Article Text

other Versions

PDF
Vitamin D in corticosteroid-naïve and corticosteroid-treated Duchenne muscular dystrophy: what dose achieves optimal 25(OH) vitamin D levels?
  1. Nahla Alshaikh,
  2. Andreas Brunklaus,
  3. Tracey Davis,
  4. Stephanie A Robb,
  5. Ros Quinlivan,
  6. Pinki Munot,
  7. Anna Sarkozy,
  8. Francesco Muntoni,
  9. Adnan Y Manzur
  10. on behalf of Dubowitz Neuromuscular Team
  1. Dubowitz Neuromuscular Centre, Great Ormond Street Hospital, UCL Institute of Child Health, London, UK
  1. Correspondence to Dr Adnan Manzur, Great Ormond Street Hospital, UCL Institute of Child Health, Great Ormond Street, London WC1N 3JH, UK; Adnan.Manzur{at}gosh.nhs.uk

Abstract

Aim Assessment of the efficacy of vitamin D replenishment and maintenance doses required to attain optimal levels in boys with Duchenne muscular dystrophy (DMD).

Method 25(OH)-vitamin D levels and concurrent vitamin D dosage were collected from retrospective case-note review of boys with DMD at the Dubowitz Neuromuscular Centre. Vitamin D levels were stratified as deficient at <25 nmol/L, insufficient at 25–49 nmol/L, adequate at 50–75 nmol/L and optimal at >75 nmol/L.

Result 617 vitamin D samples were available from 197 boys (range 2–18 years)—69% from individuals on corticosteroids. Vitamin D-naïve boys (154 samples) showed deficiency in 28%, insufficiency in 42%, adequate levels in 24% and optimal levels in 6%. The vitamin D-supplemented group (463 samples) was tested while on different maintenance/replenishment doses. Three-month replenishment of daily 3000 IU (23 samples) or 6000 IU (37 samples) achieved optimal levels in 52% and 84%, respectively. 182 samples taken on 400 IU revealed deficiency in 19 (10%), insufficiency in 84 (47%), adequate levels in 67 (37%) and optimal levels in 11 (6%). 97 samples taken on 800 IU showed deficiency in 2 (2%), insufficiency in 17 (17%), adequate levels in 56 (58%) and optimal levels in 22 (23%). 81 samples were on 1000 IU and 14 samples on 1500 IU, with optimal levels in 35 (43%) and 9 (64%), respectively. No toxic level was seen (highest level 230 nmol/L).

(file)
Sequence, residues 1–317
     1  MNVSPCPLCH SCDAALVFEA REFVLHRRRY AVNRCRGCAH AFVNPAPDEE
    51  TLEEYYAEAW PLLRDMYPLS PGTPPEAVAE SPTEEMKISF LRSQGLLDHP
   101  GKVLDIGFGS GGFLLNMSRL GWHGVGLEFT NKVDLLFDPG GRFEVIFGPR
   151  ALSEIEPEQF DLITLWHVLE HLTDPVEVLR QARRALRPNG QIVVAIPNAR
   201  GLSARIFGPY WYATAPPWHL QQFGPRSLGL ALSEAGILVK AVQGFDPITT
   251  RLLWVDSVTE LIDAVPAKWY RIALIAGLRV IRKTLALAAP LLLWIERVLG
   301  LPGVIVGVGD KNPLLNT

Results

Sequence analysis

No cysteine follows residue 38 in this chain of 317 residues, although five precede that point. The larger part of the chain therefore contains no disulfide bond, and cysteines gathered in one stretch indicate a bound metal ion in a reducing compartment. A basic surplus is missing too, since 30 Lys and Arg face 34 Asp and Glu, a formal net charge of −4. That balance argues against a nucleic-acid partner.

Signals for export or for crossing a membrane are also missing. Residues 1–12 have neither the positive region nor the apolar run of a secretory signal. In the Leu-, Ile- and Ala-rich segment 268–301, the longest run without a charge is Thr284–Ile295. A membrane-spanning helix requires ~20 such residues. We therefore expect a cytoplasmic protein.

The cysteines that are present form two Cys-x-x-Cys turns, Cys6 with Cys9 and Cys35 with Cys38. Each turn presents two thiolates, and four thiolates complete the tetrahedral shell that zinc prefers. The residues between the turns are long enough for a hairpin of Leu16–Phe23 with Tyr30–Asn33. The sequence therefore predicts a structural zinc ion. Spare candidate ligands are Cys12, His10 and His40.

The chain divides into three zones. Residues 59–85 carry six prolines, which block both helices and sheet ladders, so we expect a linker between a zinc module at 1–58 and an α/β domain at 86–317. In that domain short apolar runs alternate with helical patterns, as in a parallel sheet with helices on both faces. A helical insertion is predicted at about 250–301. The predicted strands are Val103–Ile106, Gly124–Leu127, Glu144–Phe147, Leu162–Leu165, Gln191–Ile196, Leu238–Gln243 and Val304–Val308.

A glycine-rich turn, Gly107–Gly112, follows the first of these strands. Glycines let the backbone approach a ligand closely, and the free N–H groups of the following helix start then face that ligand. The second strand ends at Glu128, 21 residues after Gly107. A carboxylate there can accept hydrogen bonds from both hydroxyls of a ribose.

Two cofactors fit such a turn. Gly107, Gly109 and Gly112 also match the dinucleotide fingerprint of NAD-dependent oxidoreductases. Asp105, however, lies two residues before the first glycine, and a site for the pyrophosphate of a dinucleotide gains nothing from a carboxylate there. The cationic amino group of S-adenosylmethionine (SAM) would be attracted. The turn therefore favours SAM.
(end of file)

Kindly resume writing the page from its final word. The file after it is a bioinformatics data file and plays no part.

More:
Conclusions The prevalence of vitamin D deficiency and insufficiency in DMD is high. A 2-month replenishment regimen of 6000 IU and maintenance regimen of 1000–1500 IU/day was associated with optimal vitamin D levels. These data have important implications for optimising vitamin D dosing in DMD.

  • Neuromuscular
  • Neurology
  • Nutrition
  • Paediatric Practice
  • General Paediatrics

Statistics from Altmetric.com

Request permissions

If you wish to reuse any or all of this article please use the link below which will take you to the Copyright Clearance Center’s RightsLink service. You will be able to get a quick price and instant permission to reuse the content in many different ways.